Current work fields and projects
The current research at the chair can be assigned to four larger fields of work. In addition to basic research on ancient and medieval building and construction history, the current focus is primarily on reconstruction and post-war modernism in Bavaria. Within the context of a network on Jewish cultural heritage, various project approaches, workshops and conferences are in preparation, which deal specifically with Jewish architecture as a cross-sectional field of the aforementioned topics. The basis for various project approaches is the TUM network "REUSED", which brings together a wide range of competencies, especially from the fields of building sciences and preservation of historical monuments.
Reconstruction and Postwar Modernism
The field of work deals with the foundations and effects of the reconstruction of German cities after the Second World War. In this context, (urban) repairs and replacement buildings are considered on different scales, but also (sometimes radical) concepts of the structural transformation of entire cities in the postwar decades and their consequences. Currently, several (further) projects are in preparation.
Middle Ages and early modern times
Various projects, some of which have already been running for an extended period of time, deal with constructions of the Middle Ages and the early modern period. The focus is in particular on sacral buildings as the most sophisticated and guiding architectural genres of this period. A broad spectrum of individual investigations leads to a condensed knowledge of building and construction in medieval and early modern eras.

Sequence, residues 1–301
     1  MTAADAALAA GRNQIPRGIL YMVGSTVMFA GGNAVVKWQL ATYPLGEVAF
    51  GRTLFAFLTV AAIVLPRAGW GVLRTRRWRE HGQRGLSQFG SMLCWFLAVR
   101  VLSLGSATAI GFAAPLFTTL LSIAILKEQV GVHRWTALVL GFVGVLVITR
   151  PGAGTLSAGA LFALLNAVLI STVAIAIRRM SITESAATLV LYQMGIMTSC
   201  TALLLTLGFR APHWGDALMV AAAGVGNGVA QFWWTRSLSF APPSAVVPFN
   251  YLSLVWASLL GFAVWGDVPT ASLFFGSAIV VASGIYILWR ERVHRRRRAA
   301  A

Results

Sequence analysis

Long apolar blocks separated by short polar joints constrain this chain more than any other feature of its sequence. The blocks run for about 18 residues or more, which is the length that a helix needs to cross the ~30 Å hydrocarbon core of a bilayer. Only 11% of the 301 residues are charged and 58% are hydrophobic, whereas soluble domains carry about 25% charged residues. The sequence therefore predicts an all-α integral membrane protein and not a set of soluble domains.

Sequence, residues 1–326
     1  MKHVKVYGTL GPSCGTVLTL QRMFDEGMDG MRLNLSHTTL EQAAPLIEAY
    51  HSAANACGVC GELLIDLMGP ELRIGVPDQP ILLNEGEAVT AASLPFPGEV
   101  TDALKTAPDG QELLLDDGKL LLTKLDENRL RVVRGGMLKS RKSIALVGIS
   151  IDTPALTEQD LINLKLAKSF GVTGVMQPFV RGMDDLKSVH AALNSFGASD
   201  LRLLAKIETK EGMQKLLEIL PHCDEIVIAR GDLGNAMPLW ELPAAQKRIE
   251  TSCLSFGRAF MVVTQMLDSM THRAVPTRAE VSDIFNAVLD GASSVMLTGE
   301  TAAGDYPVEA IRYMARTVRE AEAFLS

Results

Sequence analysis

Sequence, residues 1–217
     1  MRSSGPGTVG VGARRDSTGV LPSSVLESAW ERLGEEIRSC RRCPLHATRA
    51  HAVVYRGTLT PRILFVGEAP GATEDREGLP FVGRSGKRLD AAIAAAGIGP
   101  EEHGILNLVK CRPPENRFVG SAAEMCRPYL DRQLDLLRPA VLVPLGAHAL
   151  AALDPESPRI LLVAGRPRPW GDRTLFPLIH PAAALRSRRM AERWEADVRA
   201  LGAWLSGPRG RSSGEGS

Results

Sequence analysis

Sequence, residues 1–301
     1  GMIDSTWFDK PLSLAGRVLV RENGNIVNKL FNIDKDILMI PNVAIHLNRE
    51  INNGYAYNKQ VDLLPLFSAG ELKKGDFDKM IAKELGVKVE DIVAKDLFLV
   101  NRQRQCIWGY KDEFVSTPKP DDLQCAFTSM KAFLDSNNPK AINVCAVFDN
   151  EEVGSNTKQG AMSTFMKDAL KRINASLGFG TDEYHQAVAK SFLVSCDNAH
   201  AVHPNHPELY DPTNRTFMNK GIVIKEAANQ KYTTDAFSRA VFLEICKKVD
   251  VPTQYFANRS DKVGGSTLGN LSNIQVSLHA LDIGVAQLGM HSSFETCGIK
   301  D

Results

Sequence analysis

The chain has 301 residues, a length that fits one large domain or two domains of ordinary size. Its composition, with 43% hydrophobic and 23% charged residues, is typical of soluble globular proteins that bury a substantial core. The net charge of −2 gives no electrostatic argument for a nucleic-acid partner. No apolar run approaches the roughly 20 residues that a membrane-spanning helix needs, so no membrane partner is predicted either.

Ancient building history and reception of antiquity
The cooperation with engineering and civil engineering at TUM opens up new options especially in the field of basic research on building history/building theory. Especially the research field of ancient building history, which has almost disappeared at technical universities and is increasingly dominated by universities in the Anglo-American region, can benefit from the constellation of subjects at the TU Munich: The traditional archaeological approach via object-related or phenomenological research questions has reached limits of knowledge, especially in areas of ancient building theory and model formation, which can only be overcome with the help of transdisciplinary, increasingly construction-analytical approaches.
Until the beginning of the 20th century, the basic forms of construction, as well as many other disciplines of art, were back-anchored in ancient epochs, and even modernism is based on an intensive examination of the principles of ancient architecture: its protagonists by no means directed the critical discourse against the architects of the Parthenon and the Pantheon, but against their decreasingly differentiated reception at the end of the 19th century. The research focus therefore also aims at a more differentiated view of "historicizing" concepts of modern architecture.
Projektpartner im DFG Projekt des Instituts für Klassische Archäologie, LMU